Archive for the ‘Mountain’ Category

SOUNDTRACK: KURSTIN x GROHL-“Mississippi Queen” (The Hanukkah Sessions: Night Three” December 12, 2020).

   Producer Greg Kurstin (who I have not heard of) and Dave Grohl (who I have) decided that, rather than releasing a Christmas song this year, they would record eight covers of songs by Jewish artists and release them one each night for Hanukkah.

“With all the mishegas of 2020, @GregKurstin and I were kibbitzing about how we could make Hannukah extra-special this year. Festival of Lights?! How about a festival of tasty LICKS! So hold on to your tuchuses… We’ve got something special coming for your shayna punims. L’chaim!!”

The third night is a rocking version of a Mountain song.

Talk about making a mountain out of a mohel … named Leslie Weinstein at his bris, the singer of our next band built a wailing wall of guitar as Leslie West. Check out our take on a track from Leslie’s monolithic band, MOUNTAIN.

Unlike yesterday’s song, I know “Mississippi Queen” very well. I’ve been a fan of Mountain and even saw them live thirty or so years ago.

Kurstin plays synth and the opening guitar line sounds perfect–he gets a really good guitar sound in this session.

Grohl plays drums and sings.  He’s singing in more of his screaming style for this song which works pretty well.

The joke in this one is that he is using a cup as a cowbell.  The cup is duct taped all over the place and as the song opens, Grohl says “I’m fucking this cup up real bad.”  Kurstin says it’s worth it.  And I agree.  This song rocks.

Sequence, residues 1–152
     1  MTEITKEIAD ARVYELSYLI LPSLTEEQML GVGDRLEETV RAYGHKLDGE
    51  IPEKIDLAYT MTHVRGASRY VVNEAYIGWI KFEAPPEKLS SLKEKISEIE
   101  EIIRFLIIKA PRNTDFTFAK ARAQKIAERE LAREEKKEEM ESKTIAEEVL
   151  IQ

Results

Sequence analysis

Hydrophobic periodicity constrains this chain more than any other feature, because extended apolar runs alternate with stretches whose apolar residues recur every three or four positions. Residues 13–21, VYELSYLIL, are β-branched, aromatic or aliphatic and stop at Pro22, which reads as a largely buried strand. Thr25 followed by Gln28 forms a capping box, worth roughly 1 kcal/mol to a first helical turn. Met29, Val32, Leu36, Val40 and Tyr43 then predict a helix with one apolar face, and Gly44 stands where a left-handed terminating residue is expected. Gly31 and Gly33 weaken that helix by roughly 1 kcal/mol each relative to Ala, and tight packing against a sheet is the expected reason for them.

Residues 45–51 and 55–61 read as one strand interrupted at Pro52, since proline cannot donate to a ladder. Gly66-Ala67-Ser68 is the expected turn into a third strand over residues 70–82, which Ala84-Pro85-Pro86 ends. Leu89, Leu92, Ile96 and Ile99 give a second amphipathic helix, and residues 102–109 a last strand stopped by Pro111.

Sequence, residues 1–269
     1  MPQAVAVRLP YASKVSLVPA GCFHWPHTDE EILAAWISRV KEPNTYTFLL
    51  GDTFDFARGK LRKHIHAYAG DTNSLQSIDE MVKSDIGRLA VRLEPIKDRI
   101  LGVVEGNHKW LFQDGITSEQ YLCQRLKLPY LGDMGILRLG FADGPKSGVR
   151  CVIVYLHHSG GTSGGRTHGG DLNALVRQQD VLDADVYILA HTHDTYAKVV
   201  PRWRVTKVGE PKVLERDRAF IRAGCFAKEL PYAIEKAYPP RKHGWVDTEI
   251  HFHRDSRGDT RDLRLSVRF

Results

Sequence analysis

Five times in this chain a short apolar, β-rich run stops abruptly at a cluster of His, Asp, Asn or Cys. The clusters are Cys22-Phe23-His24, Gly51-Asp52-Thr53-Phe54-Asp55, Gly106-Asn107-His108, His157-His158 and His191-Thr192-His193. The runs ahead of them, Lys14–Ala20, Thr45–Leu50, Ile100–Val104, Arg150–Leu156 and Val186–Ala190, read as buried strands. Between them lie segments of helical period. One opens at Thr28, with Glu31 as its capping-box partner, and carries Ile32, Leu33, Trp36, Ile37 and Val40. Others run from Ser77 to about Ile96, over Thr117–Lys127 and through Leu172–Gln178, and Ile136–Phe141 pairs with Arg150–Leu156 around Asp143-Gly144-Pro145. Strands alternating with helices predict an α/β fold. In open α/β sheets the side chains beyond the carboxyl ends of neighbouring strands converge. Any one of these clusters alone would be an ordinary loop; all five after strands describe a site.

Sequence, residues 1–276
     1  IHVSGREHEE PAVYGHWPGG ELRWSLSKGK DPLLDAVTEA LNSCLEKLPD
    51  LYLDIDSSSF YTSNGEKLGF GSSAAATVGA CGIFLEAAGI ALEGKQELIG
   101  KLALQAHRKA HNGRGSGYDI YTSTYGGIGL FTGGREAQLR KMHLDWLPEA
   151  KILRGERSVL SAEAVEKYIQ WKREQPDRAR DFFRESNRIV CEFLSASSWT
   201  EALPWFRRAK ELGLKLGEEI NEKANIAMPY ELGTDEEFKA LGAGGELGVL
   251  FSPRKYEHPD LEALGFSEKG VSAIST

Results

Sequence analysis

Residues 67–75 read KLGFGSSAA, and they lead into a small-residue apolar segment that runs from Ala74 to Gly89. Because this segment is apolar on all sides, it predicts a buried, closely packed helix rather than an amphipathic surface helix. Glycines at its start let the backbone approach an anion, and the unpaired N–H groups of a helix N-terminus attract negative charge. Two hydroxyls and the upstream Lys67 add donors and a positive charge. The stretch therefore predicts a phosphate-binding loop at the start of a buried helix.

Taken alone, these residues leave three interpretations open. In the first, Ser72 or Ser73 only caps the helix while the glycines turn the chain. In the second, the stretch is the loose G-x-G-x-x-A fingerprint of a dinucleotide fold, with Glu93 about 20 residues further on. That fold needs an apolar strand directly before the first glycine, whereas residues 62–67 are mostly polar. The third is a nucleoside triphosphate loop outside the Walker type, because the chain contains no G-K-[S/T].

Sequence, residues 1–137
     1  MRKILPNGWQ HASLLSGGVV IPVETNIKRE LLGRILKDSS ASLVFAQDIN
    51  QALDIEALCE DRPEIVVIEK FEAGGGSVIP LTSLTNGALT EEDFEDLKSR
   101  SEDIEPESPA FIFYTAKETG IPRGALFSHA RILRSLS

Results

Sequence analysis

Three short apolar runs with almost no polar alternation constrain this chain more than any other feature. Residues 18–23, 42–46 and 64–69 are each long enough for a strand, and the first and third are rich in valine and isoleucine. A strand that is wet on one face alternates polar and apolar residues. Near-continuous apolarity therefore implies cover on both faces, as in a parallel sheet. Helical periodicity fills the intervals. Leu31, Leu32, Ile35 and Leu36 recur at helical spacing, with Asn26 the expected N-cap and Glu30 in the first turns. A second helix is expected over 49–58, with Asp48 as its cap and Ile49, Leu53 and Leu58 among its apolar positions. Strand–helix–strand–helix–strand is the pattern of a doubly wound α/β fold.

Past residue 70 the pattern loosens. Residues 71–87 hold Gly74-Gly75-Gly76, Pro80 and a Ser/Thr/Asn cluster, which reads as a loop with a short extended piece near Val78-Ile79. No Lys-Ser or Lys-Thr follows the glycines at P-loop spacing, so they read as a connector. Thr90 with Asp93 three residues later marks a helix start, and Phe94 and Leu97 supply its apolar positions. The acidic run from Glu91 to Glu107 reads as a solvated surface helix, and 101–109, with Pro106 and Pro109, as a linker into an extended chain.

They play with split screen on this one–during the solo, there’s four shots of Kurstin’s hands.

The only bad thing about this song is that it’s so short!

[READ: December 13, 2020] “Our Humans”

This year, S. ordered me The Short Story Advent Calendar.  This is my fifth time reading the Calendar.  I didn’t know about the first one until it was long out of print (sigh), but each year since has been very enjoyable.  Here’s what they say this year

You know the drill by now. The 2020 Short Story Advent Calendar is a deluxe box set of individually bound short stories from some of the best writers in North America.

This year’s slipcase is a thing of beauty, too, with electric-yellow lining and spot-glossed lettering. It also comes wrapped in two rubber bands to keep those booklets snug in their beds.

As always, each story is a surprise, so you won’t know what you’re getting until you crack the seal every morning starting December 1. Once you’ve read that day’s story, check back here to read an exclusive interview with the author.

It’s December 13. Meng Jin, author of Little Gods, always keeps carbon copies in triplicate. [Click the link to the H&O extras for the story].

I found this story very confusing and not very enjoyable.

It is set in some kind of futuristic society, but hat doesn’t seem to matter all that much.  The narrator works at a job “in those day we still employed a number of humans.”

She was an unusual sight there–being (somewhat) young and (clearly) female.  Most people assumed she was a consultant.